Thursday, October 2, 2008
My Kasha on Rebbi Shimon Bar Yochai & Emerging From the Cave
There's something about the story in Shabbos 33b that I couldn't understand. Rebbi Shimon Bar Yochai, the holy Tanna, had to hide in a cave for 12 years so that he would not be killed by the Romans for speaking against them. During that time, he and his son devoted all of their time and kochos hanefesh into learning the deepest secrets of the Torah. So much so, that when he came out after 12 years, he couldn't fathom how regular people could waste their time working instead of learning. The gemara says, "חזו אינשי דקא כרבי וזרעי אמר מניחין חיי עולם ועוסקין בחיי שעה כל מקום שנותנין עיניהן מיד נשרף." They saw people planting and seeding. He said, 'They abandon the eternal world and engage with the transient world?!' Everything they looked at was burned up."
Hashem did not like this so He sent down a heavenly voice to say, "חיזרו למערתכם!" "Return to your cave!" My question is this: The whole source of the problem with the Tzadik's attitude toward Jews' involvement in worldly things was the fact that he was immersed in the holiness of plumming the depths of the secrets of the Torah and learning the secrets of what would become the Zohar Hakadosh, the holy Zohar! And he was in this for so long that he was unable to fathom how anyone could live in anything other than this most exalted state. So why does Hashem tell him to go back into the cave?! This was the very source of the problem to begin with!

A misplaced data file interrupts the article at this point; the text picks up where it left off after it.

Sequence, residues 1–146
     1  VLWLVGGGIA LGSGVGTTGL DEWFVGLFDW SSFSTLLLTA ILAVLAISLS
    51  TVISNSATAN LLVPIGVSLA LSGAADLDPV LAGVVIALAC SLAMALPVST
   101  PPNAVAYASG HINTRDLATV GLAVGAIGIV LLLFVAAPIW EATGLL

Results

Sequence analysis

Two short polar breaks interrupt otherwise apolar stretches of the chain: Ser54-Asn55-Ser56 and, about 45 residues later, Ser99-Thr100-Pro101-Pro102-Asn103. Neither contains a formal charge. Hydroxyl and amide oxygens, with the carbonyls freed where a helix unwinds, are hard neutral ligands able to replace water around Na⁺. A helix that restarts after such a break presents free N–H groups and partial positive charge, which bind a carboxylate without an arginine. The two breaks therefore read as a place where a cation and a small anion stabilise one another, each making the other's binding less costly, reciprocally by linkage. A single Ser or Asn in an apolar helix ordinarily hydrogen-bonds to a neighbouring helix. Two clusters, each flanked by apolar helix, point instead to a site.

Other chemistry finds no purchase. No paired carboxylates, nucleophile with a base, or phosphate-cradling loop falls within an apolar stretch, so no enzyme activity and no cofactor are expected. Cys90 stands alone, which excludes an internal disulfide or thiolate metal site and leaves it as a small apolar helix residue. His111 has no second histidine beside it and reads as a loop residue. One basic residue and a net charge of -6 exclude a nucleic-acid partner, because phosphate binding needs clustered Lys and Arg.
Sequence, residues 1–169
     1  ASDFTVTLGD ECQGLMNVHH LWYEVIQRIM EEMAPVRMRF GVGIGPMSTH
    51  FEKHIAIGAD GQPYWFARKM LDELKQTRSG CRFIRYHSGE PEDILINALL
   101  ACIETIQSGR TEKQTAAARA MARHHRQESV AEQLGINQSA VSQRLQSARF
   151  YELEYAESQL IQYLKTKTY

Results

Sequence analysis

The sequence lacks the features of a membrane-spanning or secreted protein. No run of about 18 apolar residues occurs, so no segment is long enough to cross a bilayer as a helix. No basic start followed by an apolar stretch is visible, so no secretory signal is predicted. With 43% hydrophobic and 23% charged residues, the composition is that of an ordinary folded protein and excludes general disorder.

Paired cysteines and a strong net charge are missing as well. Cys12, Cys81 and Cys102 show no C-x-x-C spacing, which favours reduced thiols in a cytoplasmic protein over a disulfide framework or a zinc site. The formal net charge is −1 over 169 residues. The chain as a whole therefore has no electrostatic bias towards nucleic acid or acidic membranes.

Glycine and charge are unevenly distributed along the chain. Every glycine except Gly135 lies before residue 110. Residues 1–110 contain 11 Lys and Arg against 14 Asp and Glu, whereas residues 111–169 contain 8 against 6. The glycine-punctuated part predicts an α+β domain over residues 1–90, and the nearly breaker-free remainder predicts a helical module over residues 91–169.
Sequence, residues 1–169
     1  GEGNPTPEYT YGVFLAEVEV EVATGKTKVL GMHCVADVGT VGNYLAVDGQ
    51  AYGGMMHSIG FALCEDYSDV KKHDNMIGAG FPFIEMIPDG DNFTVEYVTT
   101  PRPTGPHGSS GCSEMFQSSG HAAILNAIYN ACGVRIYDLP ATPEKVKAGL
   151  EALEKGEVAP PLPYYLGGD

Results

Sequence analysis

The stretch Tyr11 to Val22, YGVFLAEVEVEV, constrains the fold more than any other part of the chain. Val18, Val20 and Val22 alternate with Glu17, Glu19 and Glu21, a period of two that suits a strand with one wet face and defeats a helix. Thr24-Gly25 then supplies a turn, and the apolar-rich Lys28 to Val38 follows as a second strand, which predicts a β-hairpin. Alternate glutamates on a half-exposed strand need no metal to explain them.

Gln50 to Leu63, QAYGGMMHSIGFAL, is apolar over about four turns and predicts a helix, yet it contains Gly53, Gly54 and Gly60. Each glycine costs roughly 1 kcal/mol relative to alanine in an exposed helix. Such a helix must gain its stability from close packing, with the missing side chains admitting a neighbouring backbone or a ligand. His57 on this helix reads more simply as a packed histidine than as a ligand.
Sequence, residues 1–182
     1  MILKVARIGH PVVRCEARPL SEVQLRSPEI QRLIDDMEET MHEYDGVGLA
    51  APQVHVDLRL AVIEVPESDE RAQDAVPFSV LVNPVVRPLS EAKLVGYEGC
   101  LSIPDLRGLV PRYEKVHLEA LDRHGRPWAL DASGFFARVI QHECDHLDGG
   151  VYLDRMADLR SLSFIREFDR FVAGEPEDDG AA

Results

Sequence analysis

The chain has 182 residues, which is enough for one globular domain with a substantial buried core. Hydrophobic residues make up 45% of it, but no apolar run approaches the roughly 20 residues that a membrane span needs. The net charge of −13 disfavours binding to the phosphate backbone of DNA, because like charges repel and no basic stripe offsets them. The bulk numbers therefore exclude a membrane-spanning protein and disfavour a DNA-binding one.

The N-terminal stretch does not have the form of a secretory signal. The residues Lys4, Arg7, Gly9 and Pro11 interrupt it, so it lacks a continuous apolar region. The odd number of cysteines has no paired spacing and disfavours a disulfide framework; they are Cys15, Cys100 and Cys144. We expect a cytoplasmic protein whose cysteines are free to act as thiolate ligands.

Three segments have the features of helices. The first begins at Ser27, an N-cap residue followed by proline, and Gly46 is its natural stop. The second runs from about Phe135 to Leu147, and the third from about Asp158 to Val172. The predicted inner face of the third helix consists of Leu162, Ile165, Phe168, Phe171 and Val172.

I asked this question to my rebbe last Shabbos. As I understand it, this is what he told me, primarily in the name of Reb Simcha Bunim of Peshischa:
Rebbi Shimon Bar Yochai, through his learning and hisbonenus in the cave reached the deepest and biggest hasagos (comprehensions) in the world, the secrets of the Zohar Hakadosh. But, lulei d'mistefina, there was one thing that was so deep that he did not yet understand. The Neshoma of a Jew. He had to go even deeper and understand even more to understand that. This is why going back into the cave to understand even deeper depths was the tikun for his inability to fully understand the Neshoma of a Jew. The neshoma of a Jew is even deeper than all of the secrets of the Zohar Hakadosh.
Of course it does not bother us that the holy Rebbi Shimon Bar Yochai, at that temporary point in his development, in his first excursion from the cave, did some damage. Because ultimately, without the whole process, Klal Yisroel would never have had the Rebbi Shimon Bar Yochai that we now have. He transformed and deepened our understanding of Hashem, Yiddishkeit, the Universe and everything, B"H! Hakol haya l'tov.
(Picture courtesy of Carol Darby)
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